The music found me. It fingered my nerves like ivories, hammers on the strings pulling my toes up and down. All the way up the music moved — my head side to side, my heart a beat faster.
I was driving all the way to Maine, up the coast past Bath to Bar Harbor. The sun shined and all along the way crows, gulls, and vultures soared above me. Maybe they heard the music too.
You know the kind of drive I mean. A long one. You want to stop but you don’t want to make the drive any longer than it has to be, and so you keep on keeping on. Coffee after coffee but still you start to flag until the music finds you.
Gone are the days of turning the dial until you find a song you want, no sir. If you have a smart phone you have thousands of songs segregated into playlists for every mood. Besides the default “Top 25 Most Played” some of my titles are: “Cleaning” (accompaniment for mopping the floor), “Easy” (not for driving), “Good One” (just the best), “Workout” (vigorous), and “Happy Listening” (goofy). There are a few more serious ones like, “Taize” and “Classical,” but not for the drive I was on.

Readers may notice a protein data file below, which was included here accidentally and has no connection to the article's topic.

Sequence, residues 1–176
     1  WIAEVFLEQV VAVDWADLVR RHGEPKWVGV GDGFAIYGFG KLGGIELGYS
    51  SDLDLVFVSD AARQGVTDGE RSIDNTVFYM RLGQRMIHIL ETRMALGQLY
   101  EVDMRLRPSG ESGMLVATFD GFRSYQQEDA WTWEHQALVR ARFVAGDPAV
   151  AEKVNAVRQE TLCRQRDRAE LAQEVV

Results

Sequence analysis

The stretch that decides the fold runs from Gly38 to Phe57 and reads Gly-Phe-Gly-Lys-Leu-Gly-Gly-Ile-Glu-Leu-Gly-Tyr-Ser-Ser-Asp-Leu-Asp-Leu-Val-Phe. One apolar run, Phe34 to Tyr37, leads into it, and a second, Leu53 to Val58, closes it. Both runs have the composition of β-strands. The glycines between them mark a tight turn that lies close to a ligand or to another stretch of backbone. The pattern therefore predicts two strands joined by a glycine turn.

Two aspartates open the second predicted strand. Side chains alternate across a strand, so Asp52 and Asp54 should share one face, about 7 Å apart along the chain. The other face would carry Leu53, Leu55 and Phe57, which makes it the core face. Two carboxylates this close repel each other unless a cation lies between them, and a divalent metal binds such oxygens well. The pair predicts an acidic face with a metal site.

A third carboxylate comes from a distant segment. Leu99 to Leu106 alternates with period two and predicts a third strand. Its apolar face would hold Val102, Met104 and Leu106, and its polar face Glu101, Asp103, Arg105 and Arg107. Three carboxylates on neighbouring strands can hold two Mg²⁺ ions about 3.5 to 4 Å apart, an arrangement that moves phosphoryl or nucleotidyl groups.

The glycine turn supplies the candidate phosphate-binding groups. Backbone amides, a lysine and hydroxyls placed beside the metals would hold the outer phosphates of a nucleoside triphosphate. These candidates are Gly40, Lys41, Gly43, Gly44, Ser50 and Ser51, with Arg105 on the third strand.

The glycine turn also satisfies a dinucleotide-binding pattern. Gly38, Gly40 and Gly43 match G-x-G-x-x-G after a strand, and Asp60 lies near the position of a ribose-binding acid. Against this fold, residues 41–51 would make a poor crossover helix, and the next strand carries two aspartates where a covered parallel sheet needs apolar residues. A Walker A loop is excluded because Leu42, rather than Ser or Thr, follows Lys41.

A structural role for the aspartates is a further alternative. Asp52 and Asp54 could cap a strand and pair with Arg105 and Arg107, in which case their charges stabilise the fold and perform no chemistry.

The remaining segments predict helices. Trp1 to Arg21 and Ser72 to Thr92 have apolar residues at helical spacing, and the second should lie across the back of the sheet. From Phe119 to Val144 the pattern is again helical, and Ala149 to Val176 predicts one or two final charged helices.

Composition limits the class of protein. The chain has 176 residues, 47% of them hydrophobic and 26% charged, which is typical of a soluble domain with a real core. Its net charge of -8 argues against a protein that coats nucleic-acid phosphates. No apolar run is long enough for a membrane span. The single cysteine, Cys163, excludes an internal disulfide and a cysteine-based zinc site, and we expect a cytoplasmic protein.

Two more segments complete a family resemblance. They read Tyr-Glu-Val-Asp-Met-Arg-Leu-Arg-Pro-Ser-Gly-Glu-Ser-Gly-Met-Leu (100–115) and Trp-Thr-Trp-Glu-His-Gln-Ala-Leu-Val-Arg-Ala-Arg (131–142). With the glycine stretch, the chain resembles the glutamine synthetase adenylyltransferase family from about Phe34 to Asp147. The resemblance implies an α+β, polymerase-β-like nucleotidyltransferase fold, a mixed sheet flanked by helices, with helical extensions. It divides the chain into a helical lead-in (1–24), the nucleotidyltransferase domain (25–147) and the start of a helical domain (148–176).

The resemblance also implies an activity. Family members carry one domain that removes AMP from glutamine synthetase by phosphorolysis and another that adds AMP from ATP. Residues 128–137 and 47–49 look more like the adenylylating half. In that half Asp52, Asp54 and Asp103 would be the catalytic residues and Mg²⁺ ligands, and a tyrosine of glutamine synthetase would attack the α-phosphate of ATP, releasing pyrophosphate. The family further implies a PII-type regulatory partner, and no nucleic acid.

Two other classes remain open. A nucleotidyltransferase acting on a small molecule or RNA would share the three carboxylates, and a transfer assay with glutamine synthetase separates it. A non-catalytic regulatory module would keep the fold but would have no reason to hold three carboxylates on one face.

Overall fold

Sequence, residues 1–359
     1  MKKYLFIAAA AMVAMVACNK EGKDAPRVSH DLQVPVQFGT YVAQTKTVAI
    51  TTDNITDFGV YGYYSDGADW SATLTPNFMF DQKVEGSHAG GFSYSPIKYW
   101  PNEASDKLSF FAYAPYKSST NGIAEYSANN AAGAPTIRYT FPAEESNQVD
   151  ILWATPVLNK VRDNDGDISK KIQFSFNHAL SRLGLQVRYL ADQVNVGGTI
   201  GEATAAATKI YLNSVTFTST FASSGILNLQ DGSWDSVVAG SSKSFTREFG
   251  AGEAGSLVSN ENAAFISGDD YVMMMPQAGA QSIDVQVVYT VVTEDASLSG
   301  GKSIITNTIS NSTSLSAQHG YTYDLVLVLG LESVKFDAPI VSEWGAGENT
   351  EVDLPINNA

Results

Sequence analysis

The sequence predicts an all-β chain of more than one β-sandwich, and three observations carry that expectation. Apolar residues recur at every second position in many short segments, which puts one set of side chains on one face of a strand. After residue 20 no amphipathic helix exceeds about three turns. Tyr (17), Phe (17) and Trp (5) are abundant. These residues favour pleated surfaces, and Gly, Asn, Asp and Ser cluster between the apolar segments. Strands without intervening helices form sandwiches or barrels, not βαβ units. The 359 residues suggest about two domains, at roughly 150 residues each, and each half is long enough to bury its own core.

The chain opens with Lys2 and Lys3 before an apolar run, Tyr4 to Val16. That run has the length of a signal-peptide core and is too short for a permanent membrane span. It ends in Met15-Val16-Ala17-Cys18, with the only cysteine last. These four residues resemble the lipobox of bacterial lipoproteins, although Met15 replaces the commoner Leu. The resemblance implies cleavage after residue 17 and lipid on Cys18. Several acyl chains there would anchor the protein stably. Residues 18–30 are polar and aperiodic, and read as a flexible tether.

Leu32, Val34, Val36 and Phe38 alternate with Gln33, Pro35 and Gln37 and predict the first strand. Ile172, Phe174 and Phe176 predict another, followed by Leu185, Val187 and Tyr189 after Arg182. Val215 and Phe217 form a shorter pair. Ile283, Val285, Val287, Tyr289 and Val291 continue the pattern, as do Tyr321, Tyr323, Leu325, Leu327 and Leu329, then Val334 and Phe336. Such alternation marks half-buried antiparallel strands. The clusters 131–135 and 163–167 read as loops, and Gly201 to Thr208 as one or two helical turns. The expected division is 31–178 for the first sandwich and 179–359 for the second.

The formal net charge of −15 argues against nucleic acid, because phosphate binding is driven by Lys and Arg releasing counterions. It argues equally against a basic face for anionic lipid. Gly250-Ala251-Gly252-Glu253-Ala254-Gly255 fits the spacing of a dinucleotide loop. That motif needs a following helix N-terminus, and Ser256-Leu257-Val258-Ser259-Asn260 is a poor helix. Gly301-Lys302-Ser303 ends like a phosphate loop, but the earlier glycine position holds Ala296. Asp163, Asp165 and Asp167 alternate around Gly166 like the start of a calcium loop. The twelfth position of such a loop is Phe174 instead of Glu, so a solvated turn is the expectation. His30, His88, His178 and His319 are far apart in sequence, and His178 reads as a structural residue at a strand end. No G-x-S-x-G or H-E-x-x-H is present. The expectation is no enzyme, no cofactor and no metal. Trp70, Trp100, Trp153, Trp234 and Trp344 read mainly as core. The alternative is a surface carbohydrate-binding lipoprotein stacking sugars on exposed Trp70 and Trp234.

Some people don’t listen to music. I don’t get it. My parents rarely listened to music. They had a nice record player and quite a few albums, almost all classical. But the only record I remember hearing while growing up — that wasn’t being played by my sisters and me in our rooms — was a Christmas carol album on which the wax was bright red instead of black. But music is so much more accessible today since they removed the middle man, the disc-jockey, and delivered to us (at a price) whatever we want to hear directly.
For me, an ironic gift of the pandemic has been recording worship videos every week, which means I get a private piano concert as the tech-person recording it. Lisa Gibson, who plays a mean grand, and I brainstorm crazy mashups that shouldn’t work but do. Thanks to creative improvisation we find traditional church hymns that bleed into popular music — Beethoven and the Beatles, Neal Young and Charles Wesley, 10,000 Maniacs and Isaac Watts, etc. The music finds us.
When I was in seminary I did my fieldwork at Emmanuel Church on Newbury Street in Boston. It was the only church at the time to have performed the full cycle of Bach Cantatas, one Sunday at a time. The preacher declared more than once, that theological language was dead and music the only language of faith. I doubt he had heard some of the music I’ve heard, but I knew what he was saying. In Buffalo my church had a Sunday night jazz worship in its chapel, the piano and sax reverberating as if angels breathing down on us the echoes of Thelonious Monk and John Coltrane. The music found us.
So I totally understand complaints about Christmas Music on a loop, yammering at us over and over and over again from the radio and store speakers. If I have to hear Alvin and Chipmunks even once I might go into a holiday depression. But when I hear Greensleeves or The First Noel, wherever I am, the music finds me.